WASHINGTON -- House Speaker Paul Ryan (R-Wis.) told his Republican colleagues at a meeting on Tuesday that the chamber would look to move legislation this week to block Syrian refugees from coming to the U.S., attendees said.
Republicans have been discussing the idea of including provisions in an upcoming spending bill that would prevent the Obama administration from accepting Syrian refugees. Now, it appears Ryan wants to address the issue on his own as well.
It remains to be seen whether introducing separate legislation would come in addition to, or instead of, attaching a measure to the omnibus spending bill, which needs to pass by Dec. 11. Lawmakers coming out of Tuesday's weekly House GOP conference meeting seemed to think Congress couldn’t block Syrian refugees “too many times,” in the words of Rep. Ted Yoho (R-Fla.).
Another Florida Republican, Ron DeSantis, said he didn’t think passing a separate bill this week would “preclude us from doing something, you know, later on going forward.”
Many Republicans have called for a moratorium on accepting Syrian refugees -- and, in some cases, refugees in general -- after last week's terror attacks in Paris.
"This is a moment where it is better to be safe than to be sorry, so we think the prudent, the responsible thing is to take a pause in this particular aspect of this refugee program in order to verify that terrorists are not trying to infiltrate the refugee population," Ryan said at a press conference later on Tuesday.
Senate Majority Leader Mitch McConnell (R-Ky.) also called for a "pause."
"At the very least, it strikes me that we need a pause or moratorium because the American people are quite concerned and upset about the possibility of terrorists coming into our country through some type of refugee program," McConnell said at a separate press conference on Tuesday.
House GOP leadership has also created a task force to look at other responses, which will include chairs of the Homeland Security, Foreign Affairs, Armed Services, Intelligence, Appropriations and Judiciary Committees.
At Tuesday's meeting, Ryan called the Paris attacks “pure evil” and “an act of war,” and said he was signing the annual defense authorization bill later that day so that it could be sent to the president. Ryan noted that the bill contains provisions that would require President Barack Obama to come up with a plan to defeat the Islamic State.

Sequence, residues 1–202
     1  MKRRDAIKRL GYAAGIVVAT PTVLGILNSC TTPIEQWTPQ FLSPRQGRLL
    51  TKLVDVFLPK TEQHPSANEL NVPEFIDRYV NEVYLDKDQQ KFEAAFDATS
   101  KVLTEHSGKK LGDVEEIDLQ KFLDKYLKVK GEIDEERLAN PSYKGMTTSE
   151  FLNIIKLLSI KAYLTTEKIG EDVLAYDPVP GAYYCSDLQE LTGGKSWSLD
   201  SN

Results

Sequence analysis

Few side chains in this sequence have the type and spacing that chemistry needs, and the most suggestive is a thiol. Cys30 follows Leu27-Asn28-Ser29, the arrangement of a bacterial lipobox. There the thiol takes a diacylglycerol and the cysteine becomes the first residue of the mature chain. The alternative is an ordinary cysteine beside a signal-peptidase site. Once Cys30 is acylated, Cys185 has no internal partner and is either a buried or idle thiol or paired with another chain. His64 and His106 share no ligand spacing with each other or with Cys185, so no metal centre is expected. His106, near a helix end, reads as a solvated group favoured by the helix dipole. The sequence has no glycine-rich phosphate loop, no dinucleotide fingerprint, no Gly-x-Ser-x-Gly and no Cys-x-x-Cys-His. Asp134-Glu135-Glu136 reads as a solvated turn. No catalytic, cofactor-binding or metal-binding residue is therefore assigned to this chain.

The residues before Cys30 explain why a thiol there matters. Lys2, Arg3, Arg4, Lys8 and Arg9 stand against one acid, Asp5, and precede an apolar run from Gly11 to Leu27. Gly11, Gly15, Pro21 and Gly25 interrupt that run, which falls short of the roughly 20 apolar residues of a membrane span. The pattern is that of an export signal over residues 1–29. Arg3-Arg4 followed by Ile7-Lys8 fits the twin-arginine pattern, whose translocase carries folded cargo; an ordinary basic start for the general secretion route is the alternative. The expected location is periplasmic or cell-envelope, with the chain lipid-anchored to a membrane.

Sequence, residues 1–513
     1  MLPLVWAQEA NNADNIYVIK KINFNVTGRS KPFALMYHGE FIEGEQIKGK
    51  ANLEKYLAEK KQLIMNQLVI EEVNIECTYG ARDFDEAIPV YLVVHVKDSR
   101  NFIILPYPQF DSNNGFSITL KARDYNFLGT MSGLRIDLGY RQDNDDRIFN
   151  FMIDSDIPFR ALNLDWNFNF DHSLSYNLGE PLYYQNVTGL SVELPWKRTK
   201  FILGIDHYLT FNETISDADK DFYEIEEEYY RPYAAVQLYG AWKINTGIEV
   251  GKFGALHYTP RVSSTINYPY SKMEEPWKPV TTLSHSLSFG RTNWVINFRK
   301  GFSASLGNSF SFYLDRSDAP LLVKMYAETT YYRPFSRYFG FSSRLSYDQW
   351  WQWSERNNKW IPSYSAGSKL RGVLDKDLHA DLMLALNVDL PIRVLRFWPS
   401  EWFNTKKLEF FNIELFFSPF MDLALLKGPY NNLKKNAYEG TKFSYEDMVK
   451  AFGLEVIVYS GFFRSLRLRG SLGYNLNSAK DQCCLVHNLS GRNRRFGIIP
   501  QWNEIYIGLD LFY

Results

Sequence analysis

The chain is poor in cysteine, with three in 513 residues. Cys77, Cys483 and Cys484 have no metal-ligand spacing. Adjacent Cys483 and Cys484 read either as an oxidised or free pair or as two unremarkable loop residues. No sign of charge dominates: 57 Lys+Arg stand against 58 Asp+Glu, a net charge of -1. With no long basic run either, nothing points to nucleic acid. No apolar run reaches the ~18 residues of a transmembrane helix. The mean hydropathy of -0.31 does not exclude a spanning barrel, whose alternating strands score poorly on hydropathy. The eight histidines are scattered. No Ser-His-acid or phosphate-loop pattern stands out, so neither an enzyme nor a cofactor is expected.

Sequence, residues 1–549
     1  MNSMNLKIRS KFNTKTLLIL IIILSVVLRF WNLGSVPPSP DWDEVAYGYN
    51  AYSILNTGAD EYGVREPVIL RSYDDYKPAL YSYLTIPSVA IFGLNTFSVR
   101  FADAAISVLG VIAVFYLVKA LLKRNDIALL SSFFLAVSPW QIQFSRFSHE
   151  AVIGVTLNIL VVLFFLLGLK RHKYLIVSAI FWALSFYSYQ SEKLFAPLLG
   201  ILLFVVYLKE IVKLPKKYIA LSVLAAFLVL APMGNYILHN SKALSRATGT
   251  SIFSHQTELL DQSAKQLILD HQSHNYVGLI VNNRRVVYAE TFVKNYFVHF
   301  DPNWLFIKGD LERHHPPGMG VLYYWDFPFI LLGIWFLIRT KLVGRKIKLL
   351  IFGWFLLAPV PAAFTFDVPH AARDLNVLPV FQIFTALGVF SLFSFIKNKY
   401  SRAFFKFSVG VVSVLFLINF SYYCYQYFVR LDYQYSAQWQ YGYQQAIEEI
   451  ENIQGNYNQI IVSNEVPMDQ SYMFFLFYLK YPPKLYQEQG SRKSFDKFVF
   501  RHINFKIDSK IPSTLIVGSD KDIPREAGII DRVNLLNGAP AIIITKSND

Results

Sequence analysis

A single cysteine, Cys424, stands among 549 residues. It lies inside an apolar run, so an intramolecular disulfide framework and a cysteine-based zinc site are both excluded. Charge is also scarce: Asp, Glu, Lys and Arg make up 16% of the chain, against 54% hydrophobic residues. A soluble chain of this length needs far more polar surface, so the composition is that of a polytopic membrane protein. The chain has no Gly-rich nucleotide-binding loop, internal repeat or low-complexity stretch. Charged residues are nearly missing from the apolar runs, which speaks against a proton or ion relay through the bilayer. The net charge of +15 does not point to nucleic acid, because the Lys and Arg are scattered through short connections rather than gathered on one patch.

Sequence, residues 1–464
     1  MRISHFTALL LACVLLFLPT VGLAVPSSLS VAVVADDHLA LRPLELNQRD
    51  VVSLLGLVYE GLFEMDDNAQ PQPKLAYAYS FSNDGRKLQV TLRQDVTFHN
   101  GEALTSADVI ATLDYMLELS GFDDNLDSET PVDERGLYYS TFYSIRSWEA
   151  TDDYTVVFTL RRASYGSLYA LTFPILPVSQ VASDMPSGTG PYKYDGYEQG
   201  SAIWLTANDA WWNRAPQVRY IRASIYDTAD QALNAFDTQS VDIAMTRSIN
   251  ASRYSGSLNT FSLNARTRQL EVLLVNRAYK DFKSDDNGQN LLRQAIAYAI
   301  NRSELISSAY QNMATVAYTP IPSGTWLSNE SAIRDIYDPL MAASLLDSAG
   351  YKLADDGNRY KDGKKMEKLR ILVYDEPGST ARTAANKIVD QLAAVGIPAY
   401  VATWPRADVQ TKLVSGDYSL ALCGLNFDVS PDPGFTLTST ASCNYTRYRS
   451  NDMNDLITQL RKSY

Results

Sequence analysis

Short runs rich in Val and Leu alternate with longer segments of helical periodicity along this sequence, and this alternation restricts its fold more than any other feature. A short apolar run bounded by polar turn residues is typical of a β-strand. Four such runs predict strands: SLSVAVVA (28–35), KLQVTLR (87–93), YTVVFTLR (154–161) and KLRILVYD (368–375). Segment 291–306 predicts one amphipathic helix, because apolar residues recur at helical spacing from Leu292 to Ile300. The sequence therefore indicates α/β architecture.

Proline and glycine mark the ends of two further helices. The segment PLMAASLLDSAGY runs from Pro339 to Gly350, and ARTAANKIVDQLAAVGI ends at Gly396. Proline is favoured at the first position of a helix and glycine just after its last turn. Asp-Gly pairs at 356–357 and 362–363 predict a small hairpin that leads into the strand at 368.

Members leaving the meeting said said the exact plan for votes this week and in the future has yet to be determined. But they agreed the House needs to do something.
"You would hope that kind of foreign policy decision is made by the White House," Rep. Mario Diaz-Balart (R-Fla.) told HuffPost. "But when you have a president who is so clueless, so over his head, so unable to recognize reality, unfortunately it looks like we're going to have to step in."
The president sets refugee admission figures each year, and in September announced plans to admit a total of 85,000 people by the end of fiscal year 2016, 10,000 of whom will be from Syria.
All refugees go through a vetting process that typically takes between 18 and 24 months. The United Nations Refugee Agency frequently screens applicants first as well. (Some Republicans, such as Rep. Tim Huelskamp of Kansas, have claimed that the U.N. is the only body vetting refugees. In fact, however, all refugees go through interviews, health tests and other security checks with the Department of Homeland Security and the State Department, with help from other government agencies.)
Homeland Security Secretary Jeh Johnson and FBI Director James Comey plan to visit the Capitol later Tuesday to brief House members on the Paris situation, and the discussion will likely include the security screening process for refugees.
Republicans argue that Syrians simply cannot be adequately vetted, and that admitting them will inevitably mean allowing in terrorists from the Islamic State. A Syrian passport was found near the remains of one of the Paris suicide bombers, who may have used the document to pose as a refugee.